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Here’s What You Need to Know About Vegan Collagen
By Ana Reisdorf, MS, RD
You've probably heard the buzz around collagen supplements and your skin by now. But is the hype really that promising? After all, research has pointed to both the benefits and downsides of collagen supplements — and for many beauty-conscious folk, collagen isn't vegan.
That's because collagen, a protein found mostly in hair, skin, nails, bones and ligaments, comes mostly from animal sources, such as beef or fish.
But science has discovered a way to make vegan collagen. We're here to answer exactly how that works and how it competes.
How Can Collagen Be Vegan?
Instead of being sourced from animals, collagen can now be made by using genetically modified yeast and bacteria.
Researchers have found that the bacteria P. pastoris, in particular, is the most effective and commonly used for genetically engineering high-quality collagen.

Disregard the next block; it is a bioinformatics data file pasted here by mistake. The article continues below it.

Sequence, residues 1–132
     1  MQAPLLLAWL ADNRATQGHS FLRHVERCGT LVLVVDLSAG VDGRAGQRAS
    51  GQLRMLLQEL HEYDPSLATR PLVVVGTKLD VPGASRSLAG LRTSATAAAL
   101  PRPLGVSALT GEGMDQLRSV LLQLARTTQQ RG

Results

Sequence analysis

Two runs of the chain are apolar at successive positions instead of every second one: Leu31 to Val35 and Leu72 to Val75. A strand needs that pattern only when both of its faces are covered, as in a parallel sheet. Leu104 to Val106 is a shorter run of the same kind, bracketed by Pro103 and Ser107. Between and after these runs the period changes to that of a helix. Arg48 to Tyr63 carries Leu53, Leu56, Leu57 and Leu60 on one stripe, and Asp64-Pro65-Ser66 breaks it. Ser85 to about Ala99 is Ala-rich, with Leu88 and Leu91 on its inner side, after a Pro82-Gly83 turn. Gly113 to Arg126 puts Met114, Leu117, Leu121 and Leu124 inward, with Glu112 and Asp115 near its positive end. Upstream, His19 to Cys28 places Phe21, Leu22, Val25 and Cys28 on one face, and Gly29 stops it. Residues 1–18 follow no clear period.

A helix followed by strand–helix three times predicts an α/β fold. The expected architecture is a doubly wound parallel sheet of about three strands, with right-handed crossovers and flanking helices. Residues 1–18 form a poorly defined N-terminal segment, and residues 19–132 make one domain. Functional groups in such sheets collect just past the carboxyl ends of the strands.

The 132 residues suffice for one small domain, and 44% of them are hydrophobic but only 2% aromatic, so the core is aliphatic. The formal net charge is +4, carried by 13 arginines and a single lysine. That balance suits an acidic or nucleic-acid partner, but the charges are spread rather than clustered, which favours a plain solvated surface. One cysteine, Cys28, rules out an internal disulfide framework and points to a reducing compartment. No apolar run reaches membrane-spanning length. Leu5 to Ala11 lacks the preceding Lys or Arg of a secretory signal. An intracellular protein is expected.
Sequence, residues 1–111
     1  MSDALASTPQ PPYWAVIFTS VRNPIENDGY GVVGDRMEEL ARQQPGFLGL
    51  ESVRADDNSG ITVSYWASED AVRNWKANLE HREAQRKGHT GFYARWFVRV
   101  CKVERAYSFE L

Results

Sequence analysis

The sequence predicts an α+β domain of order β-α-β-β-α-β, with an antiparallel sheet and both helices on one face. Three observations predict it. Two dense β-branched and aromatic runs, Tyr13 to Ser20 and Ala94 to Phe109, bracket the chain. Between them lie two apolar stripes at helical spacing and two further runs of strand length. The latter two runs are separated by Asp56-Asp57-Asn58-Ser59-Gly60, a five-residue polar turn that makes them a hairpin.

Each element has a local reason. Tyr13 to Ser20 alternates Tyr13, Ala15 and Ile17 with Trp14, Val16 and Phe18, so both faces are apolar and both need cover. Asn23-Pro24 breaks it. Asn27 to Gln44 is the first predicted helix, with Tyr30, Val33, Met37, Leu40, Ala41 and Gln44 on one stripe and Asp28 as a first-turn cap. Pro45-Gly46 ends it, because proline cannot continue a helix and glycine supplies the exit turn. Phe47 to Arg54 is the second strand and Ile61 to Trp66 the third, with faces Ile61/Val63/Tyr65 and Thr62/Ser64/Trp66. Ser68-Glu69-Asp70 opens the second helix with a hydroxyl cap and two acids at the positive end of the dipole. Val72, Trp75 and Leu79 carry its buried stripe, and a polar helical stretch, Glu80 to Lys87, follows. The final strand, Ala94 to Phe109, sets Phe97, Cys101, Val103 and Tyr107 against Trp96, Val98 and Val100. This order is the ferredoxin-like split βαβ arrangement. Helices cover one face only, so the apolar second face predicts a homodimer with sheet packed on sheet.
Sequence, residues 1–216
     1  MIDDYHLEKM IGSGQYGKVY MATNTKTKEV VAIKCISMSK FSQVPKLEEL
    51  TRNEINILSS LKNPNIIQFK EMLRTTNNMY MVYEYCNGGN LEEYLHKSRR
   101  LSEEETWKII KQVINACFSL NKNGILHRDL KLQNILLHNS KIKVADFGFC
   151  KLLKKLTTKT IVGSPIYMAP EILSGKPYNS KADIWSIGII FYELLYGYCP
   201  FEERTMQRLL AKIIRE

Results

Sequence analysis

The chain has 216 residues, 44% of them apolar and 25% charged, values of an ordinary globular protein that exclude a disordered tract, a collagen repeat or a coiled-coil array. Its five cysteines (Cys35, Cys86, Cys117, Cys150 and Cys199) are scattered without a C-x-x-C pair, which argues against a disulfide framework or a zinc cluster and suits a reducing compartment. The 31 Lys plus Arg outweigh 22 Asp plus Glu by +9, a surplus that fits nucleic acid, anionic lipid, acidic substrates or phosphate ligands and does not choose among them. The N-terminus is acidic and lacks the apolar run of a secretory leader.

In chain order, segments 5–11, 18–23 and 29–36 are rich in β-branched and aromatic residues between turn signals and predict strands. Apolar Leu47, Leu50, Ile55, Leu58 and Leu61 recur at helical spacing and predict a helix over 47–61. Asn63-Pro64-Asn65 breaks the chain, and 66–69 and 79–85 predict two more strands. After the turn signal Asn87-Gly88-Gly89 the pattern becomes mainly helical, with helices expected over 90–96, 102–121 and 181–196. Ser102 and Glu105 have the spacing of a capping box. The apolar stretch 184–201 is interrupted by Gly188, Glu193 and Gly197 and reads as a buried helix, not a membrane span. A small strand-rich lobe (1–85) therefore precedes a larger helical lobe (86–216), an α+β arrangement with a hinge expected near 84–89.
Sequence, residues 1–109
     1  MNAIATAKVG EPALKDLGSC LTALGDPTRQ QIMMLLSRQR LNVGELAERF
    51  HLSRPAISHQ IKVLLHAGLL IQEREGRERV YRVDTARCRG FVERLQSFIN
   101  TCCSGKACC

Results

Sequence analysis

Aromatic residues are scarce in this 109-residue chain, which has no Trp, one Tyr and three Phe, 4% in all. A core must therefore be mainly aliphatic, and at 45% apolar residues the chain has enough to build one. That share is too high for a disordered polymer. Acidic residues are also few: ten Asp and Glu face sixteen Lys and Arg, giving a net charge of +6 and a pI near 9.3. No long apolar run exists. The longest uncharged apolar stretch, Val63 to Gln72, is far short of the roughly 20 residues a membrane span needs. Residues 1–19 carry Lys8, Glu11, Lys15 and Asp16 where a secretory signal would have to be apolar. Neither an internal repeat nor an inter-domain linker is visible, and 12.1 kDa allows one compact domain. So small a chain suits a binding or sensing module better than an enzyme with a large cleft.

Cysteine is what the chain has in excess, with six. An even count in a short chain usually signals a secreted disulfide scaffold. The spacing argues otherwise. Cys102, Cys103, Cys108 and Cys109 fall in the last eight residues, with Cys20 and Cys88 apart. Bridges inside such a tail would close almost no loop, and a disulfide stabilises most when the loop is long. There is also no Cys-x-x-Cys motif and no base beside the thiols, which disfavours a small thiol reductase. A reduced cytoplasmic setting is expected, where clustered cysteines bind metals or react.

To produce collagen, four human genes that code for collagen are added to the genetic structure of the microbes. Once the genes are in place, the yeast or bacteria then start to produce building blocks of human collagen.
Pepsin, a digestive enzyme, is added to help structure the building blocks into collagen molecules with the exact structure of human collagen.
Once this process is complete, you have yourself vegan collagen!
Benefits of Vegan Collagen
The ability to make inexpensive, safe collagen sourced from microbes instead of animals has many promising applications for human health.
1. Potential Lower Cost for Consumers
Using yeast or bacteria to produce collagen is cost effective and highly scalable in a lab environment. While it hasn't rolled out as a mass-produced product yet, this has potential to lower the cost of collagen for all consumers and make it widely available for various uses from medical treatments to supplements.
2. Lower Risk of Allergies
While the biggest benefit is that no animals are harmed, there are other pros to vegan collagen, especially for folks who may have allergies.
For example, there's some concern over the risk of transmission of illness through animal-sourced collagen. Collagen via microbes would eliminate this potential issue because it's produced in a controlled environment where common allergens or other harmful substances can be removed.
3. Higher Safety Profile for Products
The lab-controlled setting gives manufacturers the ability to improve the safety profile. If the source is easily traceable, it makes it a safer product for all consumers.